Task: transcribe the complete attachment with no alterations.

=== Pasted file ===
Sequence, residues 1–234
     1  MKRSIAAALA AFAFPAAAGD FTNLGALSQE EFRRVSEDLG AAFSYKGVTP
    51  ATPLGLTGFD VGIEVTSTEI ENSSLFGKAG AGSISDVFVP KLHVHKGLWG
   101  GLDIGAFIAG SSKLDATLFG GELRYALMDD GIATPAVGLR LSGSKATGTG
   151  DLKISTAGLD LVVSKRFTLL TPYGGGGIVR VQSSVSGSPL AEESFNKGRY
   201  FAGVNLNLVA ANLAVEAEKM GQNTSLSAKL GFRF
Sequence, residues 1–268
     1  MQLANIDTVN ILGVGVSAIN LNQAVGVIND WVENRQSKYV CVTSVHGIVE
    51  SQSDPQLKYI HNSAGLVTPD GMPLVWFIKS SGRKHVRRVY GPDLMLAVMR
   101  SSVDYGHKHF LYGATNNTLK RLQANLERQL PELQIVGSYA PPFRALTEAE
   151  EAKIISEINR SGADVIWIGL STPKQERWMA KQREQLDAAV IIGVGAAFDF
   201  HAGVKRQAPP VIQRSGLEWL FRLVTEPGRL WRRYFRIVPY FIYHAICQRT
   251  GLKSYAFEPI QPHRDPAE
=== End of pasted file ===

Sequence, residues 1–234
     1  MKRSIAAALA AFAFPAAAGD FTNLGALSQE EFRRVSEDLG AAFSYKGVTP
    51  ATPLGLTGFD VGIEVTSTEI ENSSLFGKAG AGSISDVFVP KLHVHKGLWG
   101  GLDIGAFIAG SSKLDATLFG GELRYALMDD GIATPAVGLR LSGSKATGTG
   151  DLKISTAGLD LVVSKRFTLL TPYGGGGIVR VQSSVSGSPL AEESFNKGRY
   201  FAGVNLNLVA ANLAVEAEKM GQNTSLSAKL GFRF
Sequence, residues 1–268
     1  MQLANIDTVN ILGVGVSAIN LNQAVGVIND WVENRQSKYV CVTSVHGIVE
    51  SQSDPQLKYI HNSAGLVTPD GMPLVWFIKS SGRKHVRRVY GPDLMLAVMR
   101  SSVDYGHKHF LYGATNNTLK RLQANLERQL PELQIVGSYA PPFRALTEAE
   151  EAKIISEINR SGADVIWIGL STPKQERWMA KQREQLDAAV IIGVGAAFDF
   201  HAGVKRQAPP VIQRSGLEWL FRLVTEPGRL WRRYFRIVPY FIYHAICQRT
   251  GLKSYAFEPI QPHRDPAE